A perfect writing day would involve me going to work teaching for half the day and then going for a walk in a mild drizzle to find some place to eat. As I walked I’d think up this amazing idea for a new story. At last I would find the perfect little café, right at the point where I feel like writing the story down. I’d sit there eating and writing in my notebook, nursing a cup of tea or coffee to keep my hands warm and my mind sharp, looking up occasionally to observe the people walking in the rain. At last, when I’d be finished my writing the rain would stop as if on cue. The sun would come out and I’d walk back to my car or the bus, in that special, watery post-rain kind of light, with the smell of wet earth and moist bark in the air.

OB:

Little Jane and the Nameless Isle is an adventure story. Is this the kind of book that appealed to you as a young reader? Are there other books in this vein you would recommend to adventure-loving readers?

AR:

I actually designed this book from the beginning to be the perfect book for my 10-12 year old self. I was a very precocious reader and video games were fairly primitive when I was child. Watching videos and reading were my main escapes from reality, and books were far more portable than TV, so they were perfect for alleviating the boredom of road trips and afternoons outside. Although my parents and teachers thought it was great that I could read Great Expectations at age ten, in some ways it could be problematic because the books that were around at the time for kids my age were too simple for me and the contemporary adult books had content that was inappropriate or uninteresting for someone who hadn’t gone through puberty yet. I ended up reading plenty of 19th century classics. Those books were challenging enough to read in terms of vocabulary, but they were deficient in ways that bothered me. Even as a child I recognized that some of those authors were captive to certain outdated ideas about women and people from ethnicities and social classes other than their own that have since been disproved.

I loved adventure novels about young people travelling to exciting places, but their main characters were always boys. The girls never got to go anywhere exotic or do anything dangerous or earth-shattering. I also thought that the emotional impact of certain events on the human psyche wasn’t always that well understood by the authors. I remember reading the unabridged Treasure Island, (I had read shorter versions before) a few months after my grandfather passed away and being very disturbed by Jim Hawkins lack of reaction to his father’s death, in comparison to the intensity of my own reaction to my grandfather’s passing. I thought I was strange for feeling so strongly.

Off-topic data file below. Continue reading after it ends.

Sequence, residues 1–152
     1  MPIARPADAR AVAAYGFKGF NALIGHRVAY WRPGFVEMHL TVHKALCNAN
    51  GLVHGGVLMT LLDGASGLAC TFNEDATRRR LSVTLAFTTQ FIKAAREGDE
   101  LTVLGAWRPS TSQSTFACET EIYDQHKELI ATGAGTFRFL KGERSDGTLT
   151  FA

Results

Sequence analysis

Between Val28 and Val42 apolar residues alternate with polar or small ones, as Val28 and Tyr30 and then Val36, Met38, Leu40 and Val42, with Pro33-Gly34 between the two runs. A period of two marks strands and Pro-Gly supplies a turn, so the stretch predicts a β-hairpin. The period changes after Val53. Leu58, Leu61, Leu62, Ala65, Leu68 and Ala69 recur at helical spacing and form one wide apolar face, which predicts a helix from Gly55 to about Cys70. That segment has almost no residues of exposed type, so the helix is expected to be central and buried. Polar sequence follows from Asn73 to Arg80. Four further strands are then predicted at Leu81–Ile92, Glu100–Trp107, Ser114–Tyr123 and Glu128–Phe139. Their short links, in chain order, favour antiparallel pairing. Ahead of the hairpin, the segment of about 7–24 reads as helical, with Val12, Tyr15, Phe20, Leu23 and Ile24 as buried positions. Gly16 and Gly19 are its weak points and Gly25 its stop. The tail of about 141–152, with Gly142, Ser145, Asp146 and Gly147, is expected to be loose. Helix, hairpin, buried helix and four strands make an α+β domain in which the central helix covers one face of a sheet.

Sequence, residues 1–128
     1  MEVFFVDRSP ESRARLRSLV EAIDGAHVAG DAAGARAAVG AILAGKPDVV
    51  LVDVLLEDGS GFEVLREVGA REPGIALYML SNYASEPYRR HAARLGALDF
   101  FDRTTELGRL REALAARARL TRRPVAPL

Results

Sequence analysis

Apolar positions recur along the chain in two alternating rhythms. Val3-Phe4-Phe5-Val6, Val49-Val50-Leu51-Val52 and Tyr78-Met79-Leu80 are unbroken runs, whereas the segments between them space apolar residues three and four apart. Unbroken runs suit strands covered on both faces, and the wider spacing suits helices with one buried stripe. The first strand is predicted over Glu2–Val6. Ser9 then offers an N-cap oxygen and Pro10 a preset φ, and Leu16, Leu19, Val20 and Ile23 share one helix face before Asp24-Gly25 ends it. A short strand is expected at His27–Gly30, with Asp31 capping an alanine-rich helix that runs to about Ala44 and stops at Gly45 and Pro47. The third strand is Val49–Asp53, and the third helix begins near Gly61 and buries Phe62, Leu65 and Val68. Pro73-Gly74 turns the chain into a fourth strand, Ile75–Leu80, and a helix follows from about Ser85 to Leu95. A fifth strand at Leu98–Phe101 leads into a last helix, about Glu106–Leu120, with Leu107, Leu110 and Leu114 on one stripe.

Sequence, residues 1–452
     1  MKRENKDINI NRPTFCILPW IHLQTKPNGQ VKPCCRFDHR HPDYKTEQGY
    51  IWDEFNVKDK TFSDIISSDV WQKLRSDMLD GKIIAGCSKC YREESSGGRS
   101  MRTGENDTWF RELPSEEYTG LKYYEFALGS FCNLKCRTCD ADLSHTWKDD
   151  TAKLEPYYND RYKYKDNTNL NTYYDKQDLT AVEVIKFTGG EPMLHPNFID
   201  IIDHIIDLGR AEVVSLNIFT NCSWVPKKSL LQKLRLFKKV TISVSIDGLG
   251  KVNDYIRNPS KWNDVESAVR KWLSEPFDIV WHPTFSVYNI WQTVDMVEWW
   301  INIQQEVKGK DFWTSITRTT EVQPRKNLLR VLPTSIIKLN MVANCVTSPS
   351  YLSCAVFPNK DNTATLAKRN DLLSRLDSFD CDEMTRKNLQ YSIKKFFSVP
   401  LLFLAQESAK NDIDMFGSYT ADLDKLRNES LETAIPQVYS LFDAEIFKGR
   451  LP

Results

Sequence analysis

When it comes to showing the full palette of human emotion and experience there were some thoughts and feelings, that weren’t really acceptable to attribute to a “heroic” character back then. I think there was also a concern that it was harmful to society as a whole to put certain things out there. I partially agree with the Victorians in thinking about the effects of art and media on society as a whole. Personally, I believe that anybody that puts something out for public consumption should be encouraged to think about whether what they are putting out will have a positive affect on the audience, in terms of entertaining them and broadening their sense of empathy and understanding towards others, or is it solely negative? I think a lot of the media we’re bombarded with in news and advertising is designed to make us feel afraid all the time, instead of empowered. I’m always amazed at how much attention is given to healthy eating for one’s body and how little is given to the consumption of healthy material for one’s mind. Things that make us feel unnecessarily afraid, gloomy and powerless are things that we should minimize in our mental diets in my opinion.

OB:

What are you working on now?

AR:

Too many things to count! The one that is closest to fruition now though, that I have been focusing on lately is a graphic novel that I’m drawing and writing. It’s about a young woman in a city in the near future who joins an underground civil rights group fighting for people exposed to mutagenic material.

 

Adira Rotstein has studied literature, writing and film at the University of Toronto and the University of Southern California. Her creative output includes novels, screenplays, films, paintings, comic books and illustrations. Little Jane Silver and the Nameless Isle is the sequel to Little Jane Silver. Adira lives in Toronto.